The drone attack that killed Anwar al-Awlaki has been the subject of innumerable articles, commentaries, and public discussion. The fact Al-Awlaki is an American citizen has dramatically increased the public scrutiny of the drone policy initiated by President George W. Bush in the aftermath of 9/11 and significantly enhanced by President Barack Obama. The discussion is healthy and essential in large part because drone warfare will play an increasingly important role in the future of operational counterterrorism.
From the perspective of the nation-state, the benefits of targeted killing are clear: aggressive measures against identified targets with minimal, if any, risk to soldiers for the obvious reason that the killings are conducted from an unmanned aerial vehicle. While the risks to soldiers are minimal, there are other risks that are not insignificant. Particularly, there is always the risk of collateral damage, and there are also legitimate concerns regarding how a target is defined as legitimate.
While I believe the Al-Awlaki killing lawful, I am deeply troubled by the broad rationale articulated by the Obama Administration. Yes, the Al-Awlaki killing reflects aggressive self-defense coupled with a respect for the obligation to minimize collateral damage. However, the Administration failed to articulate exactly how, beyond mere speech, Al-Awlaki was connected to terrorist activity. The mere “likelihood” of membership in a terrorist organization is highly problematic.
The essence of targeted killing, arguably the most aggressive form of operational counterterrorism, is killing an individual the nation-state has identified as posing a danger to national security, and there is no alternative, in the name of national security, but to kill the individual. The decision must reflect a rigorous application of “checks” to ensure that the decision is neither arbitrary nor in violation of international law and core principles of morality in armed conflict.
I am a firm believer in the nation-state’s right to engage in aggressive, preemptive self-defense subject to powerful restraints and conditions. I advocate a measured, cautious approach to targeted killing with the understanding that the nation-state has the absolute right— and obligation—to protect its civilian population. However, that absolute right does not translate into an unlimited right.
After all, conducting operational counterterrorism divorced from a balanced approach results in violations of international law obligations, violates principles of morality in armed conflict, and results in policy ineffectiveness. The challenge in the targeted killing paradigm is to identify the specific individual deemed a legitimate target and to implement the policy in a manner reflecting respect for international law.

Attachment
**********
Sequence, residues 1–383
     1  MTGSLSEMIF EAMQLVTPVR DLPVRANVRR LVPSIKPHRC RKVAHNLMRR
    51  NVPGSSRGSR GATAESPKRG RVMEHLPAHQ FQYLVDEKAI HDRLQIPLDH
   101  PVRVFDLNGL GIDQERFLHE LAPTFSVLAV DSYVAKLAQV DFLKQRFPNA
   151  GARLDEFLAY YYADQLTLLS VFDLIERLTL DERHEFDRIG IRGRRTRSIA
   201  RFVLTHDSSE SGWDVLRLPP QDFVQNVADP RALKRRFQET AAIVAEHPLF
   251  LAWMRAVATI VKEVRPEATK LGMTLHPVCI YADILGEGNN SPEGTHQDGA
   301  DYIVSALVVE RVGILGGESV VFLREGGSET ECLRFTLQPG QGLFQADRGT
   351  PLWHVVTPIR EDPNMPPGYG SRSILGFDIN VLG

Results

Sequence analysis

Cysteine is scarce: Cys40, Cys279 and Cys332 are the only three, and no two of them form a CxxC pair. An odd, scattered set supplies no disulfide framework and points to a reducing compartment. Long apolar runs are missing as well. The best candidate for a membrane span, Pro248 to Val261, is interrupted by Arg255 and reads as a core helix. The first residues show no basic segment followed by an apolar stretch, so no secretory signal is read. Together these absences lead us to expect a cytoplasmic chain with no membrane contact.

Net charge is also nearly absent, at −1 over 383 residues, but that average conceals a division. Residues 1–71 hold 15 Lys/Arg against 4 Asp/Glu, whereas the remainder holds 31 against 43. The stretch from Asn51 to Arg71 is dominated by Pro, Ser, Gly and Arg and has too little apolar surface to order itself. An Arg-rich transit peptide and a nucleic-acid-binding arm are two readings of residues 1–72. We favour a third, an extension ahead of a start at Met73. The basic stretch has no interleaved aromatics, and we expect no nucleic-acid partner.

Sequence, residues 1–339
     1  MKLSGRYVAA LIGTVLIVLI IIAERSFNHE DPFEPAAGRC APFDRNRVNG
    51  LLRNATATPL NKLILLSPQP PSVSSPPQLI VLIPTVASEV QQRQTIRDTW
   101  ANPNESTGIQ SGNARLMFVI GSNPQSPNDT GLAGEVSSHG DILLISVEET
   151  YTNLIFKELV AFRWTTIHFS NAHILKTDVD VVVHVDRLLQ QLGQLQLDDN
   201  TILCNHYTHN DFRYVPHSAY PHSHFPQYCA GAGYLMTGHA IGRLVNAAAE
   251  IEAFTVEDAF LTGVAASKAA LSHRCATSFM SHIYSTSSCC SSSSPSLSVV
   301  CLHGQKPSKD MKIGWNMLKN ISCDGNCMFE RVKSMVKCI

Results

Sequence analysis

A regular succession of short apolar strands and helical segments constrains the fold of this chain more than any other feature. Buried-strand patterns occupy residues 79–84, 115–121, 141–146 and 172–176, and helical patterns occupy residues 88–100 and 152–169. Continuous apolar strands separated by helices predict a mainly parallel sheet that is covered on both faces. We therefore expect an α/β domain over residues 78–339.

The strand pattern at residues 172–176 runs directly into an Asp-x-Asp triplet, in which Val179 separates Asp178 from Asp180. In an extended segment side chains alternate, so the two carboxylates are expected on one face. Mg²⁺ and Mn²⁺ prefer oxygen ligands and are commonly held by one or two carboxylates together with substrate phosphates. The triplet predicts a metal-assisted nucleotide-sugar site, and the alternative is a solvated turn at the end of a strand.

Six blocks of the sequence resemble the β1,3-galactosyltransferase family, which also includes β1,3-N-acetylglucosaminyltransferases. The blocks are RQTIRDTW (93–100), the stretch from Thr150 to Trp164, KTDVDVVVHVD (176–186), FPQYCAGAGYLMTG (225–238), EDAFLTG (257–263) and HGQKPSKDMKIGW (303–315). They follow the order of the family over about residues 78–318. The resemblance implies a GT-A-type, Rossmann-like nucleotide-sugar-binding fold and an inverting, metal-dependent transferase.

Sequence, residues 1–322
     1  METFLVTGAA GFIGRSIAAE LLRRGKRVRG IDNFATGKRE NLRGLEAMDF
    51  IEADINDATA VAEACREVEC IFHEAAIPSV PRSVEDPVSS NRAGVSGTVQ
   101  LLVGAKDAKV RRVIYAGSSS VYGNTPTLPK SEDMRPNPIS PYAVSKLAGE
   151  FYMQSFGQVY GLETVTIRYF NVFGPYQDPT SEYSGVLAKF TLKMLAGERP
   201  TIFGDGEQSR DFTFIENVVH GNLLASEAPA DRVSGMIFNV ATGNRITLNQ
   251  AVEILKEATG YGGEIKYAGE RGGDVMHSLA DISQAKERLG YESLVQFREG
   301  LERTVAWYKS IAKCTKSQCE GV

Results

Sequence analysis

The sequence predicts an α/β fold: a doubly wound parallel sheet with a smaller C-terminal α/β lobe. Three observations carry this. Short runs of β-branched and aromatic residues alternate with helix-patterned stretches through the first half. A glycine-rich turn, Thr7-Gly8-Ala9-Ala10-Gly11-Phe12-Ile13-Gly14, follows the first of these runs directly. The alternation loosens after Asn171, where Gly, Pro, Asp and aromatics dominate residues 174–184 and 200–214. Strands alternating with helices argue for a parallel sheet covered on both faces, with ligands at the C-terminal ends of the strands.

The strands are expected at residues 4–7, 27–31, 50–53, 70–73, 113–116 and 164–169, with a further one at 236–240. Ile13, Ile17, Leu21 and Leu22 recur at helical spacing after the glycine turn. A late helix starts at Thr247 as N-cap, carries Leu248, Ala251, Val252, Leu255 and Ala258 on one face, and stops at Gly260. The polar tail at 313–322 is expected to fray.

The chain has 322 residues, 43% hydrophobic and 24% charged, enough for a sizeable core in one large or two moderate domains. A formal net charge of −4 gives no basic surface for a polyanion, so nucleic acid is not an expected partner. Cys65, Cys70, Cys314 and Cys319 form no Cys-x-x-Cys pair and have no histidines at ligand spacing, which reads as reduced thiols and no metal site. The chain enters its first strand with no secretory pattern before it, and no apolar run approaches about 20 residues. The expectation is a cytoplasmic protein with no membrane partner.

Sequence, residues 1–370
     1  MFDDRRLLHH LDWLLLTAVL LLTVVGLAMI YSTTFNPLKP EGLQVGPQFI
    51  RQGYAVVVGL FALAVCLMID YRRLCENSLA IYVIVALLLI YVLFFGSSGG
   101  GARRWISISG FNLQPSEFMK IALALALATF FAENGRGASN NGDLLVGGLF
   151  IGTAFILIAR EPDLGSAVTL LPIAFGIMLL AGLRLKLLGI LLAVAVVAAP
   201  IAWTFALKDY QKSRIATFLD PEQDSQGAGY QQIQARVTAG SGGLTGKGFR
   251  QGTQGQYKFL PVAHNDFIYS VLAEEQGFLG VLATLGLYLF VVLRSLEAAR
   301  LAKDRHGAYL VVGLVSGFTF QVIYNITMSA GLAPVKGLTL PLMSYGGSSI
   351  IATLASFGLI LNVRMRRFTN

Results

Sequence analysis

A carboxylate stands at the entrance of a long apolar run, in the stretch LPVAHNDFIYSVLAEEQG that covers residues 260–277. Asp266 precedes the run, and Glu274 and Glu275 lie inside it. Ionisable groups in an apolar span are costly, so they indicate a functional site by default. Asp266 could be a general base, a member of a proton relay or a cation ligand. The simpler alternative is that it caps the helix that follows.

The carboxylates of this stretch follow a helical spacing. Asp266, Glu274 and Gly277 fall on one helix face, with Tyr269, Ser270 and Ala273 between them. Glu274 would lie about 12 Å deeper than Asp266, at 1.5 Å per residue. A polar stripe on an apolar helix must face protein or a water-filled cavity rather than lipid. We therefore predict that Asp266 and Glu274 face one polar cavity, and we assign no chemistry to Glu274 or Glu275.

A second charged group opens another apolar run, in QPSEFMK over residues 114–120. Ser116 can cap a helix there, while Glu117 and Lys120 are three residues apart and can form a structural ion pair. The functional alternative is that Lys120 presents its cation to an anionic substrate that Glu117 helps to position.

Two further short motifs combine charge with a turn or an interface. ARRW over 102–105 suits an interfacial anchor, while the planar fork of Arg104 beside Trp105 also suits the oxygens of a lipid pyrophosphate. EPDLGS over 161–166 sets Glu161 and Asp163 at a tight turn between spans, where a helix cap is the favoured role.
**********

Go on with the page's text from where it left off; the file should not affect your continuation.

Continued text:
At its core, targeting killing reflects aggressive self-defense. Needless to say, neither the policy (in principle) nor its application (in specific) is controversy-free or immune to criticism. In the seminal case regarding targeted killings, the Israel Supreme Court sitting as the High Court of Justice held:
The approach of customary international law applying to armed conflicts of an international nature is that civilians are protected from attacks by the army. However, that protection does not exist regarding those civilians “for such time as they take a direct part in hostilities” (§ 51(3) of The First Protocol). Harming such civilians, even if the result is death, is permitted, on the condition that there is no other less harmful means, and on the condition that innocent civilians nearby are not harmed. Harm to the latter must be proportionate. That proportionality is determined according to a values based test, intended to balance between the military advantage and the civilian damage. As we have seen, we cannot determine that a preventative strike is always legal, just as we cannot determine that it is always illegal. All depends upon the question whether the standards of customary international law regarding international armed conflict allow that preventative strike or not.4
Active self-defense (in the form of targeted killing), if properly executed, not only enables the state to more effectively protect itself within a legal context but also leads to minimizing the loss of innocent civilians caught between the terrorists (who regularly violate international law by using innocents as human shields) and the state.
Active self-defense aimed at the terrorist must contain an element of “pinpointing” so that the state will attack only those terrorists who are directly threatening society. The first step in creating an effective counterterrorism operation is analyzing the threat, including the nature of the threat, who poses it, and when it is likely to be carried out. It is crucial to assess the imminence of any threat, which significantly impacts the operational and legal choices made in response.
To ensure both the legality and morality of drone strikes, I propose the following standards:
- A target must have made significant steps directly contributing to a planned act of terrorism.
- An individual cannot be a legitimate target unless intelligence action indicates involvement in future acts of terrorism.
- Before a hit is authorized, it must be determined that the individual is still involved and has not proactively disassociated from the original plan.
- The individual’s contribution to the planned attack must extend beyond mere passive support.